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SMHS Medical Residents Cross the Bridge to Health Policy

The conference room at the Milken Institute School of Public Health at The George Washington University (GW) was abuzz on the afternoon of March 27. Residents from GW’s School of Medicine and Health Sciences (SMHS), along with visiting faculty members, moved between health policy topics – the implications of the King et al vs. Burwell lawsuit over the health care law, cyberterrorism and health information technology, a restructuring of the graduate medical education, and the anti-vaccination movement – with each discussion punctuated by laughter and thoughtful questions.

The residents, ranging from first- to fourth-year and from a variety of disciplines, were at the conclusion of a three-week elective course, the Residency Fellowship in Health Policy (RFHP). The fellowship, run by the Milken Institute Department of Health Policy for GW residents, is the only course of its kind in the country.

“We are told that many residents come to GW because of it,” said Fitzhugh Mullan, M.D., Murdock Head Professor of Medicine and Health Policy, professor of pediatrics, and program director of RFHP.

According to Mullan, students spend about half their time in the classroom learning the basics of U.S. health policy and law, and the other half taking advantage of what Washington, D.C. has to offer: a front-row seat to policy-making.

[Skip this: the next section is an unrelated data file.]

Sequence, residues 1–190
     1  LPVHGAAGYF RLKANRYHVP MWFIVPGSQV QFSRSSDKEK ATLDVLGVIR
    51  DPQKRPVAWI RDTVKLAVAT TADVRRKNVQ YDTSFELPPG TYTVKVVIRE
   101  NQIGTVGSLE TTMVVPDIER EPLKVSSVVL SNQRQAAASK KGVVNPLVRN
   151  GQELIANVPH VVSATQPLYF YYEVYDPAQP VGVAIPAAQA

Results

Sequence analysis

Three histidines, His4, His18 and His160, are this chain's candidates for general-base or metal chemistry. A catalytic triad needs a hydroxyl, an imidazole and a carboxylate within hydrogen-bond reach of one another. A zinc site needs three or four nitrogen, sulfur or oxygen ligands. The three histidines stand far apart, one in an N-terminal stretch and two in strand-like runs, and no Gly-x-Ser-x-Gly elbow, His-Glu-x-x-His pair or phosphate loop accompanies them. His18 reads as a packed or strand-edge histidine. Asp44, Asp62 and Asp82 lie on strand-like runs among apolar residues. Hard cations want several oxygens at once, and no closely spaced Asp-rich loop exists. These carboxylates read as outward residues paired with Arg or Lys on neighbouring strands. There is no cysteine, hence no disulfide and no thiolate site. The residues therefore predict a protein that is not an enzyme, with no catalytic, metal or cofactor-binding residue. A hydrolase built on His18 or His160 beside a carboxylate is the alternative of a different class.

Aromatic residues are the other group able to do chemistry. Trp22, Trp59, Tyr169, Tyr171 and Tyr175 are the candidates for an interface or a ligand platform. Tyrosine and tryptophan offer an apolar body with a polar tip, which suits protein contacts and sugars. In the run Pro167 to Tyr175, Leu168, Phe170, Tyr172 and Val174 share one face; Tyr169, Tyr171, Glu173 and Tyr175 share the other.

“We hit the road often,” Mullan said, describing the site visits residents make as part of the class. “This session, for example, we visited the OMB, the CCNV Homeless Shelter, PhRMA, Brookings, the Senate and the House, and Upper Cardozo Community Health Center, to mention a few.”

Paige Armstrong, fourth-year emergency medicine chief resident and RFHP participant, who also holds a master’s degree in public health from Johns Hopkins Bloomberg School of Public Health, added that site visits – at least one per day – varied from think tanks to Non-Governmental Organizations to the Supreme Court.

“[The visits] were really wonderful and unique,” Armstrong said. “You got to hear what’s going on in health policy directly from the horse’s mouth.”

For Courtney Paul, a third-year internal medicine resident at GW, the site visits and the cadre of guest lecturers were two halves of an essential medical whole, the “meat and bones of how health policy really works and advocacy really works.” Paul has already spoken with some of the lecturers about incorporating elements of the course into the medical education curriculum.

The class has proved so valuable for residents wanting to bridge the gap between medicine and health policy that its reputation has spread; Kaiser Permanente has invited Mullan and his team to teach a similar two-week course in Los Angeles this spring. The program, which will have 25 Kaiser Permanente residents as participants, will be tailored to its new location with more e-learning and an emphasis on state government and local health policy issues.

“We hope this is a step on the road to making the GW program a national standard for teaching health policy to residents all over the country,” Mullan said.

In the meantime, GW residents continue to line up for the popular course. RFHP is in its 10th year and is offered biannually, in the fall and spring. Residents sign up through their departments, which grant them release time from their clinical duties.

“[The fellowship] is an experience you can’t get anywhere else,” said program co-director Guenevere Burke, M.D., M.B.A., clinical instructor of emergency medicine.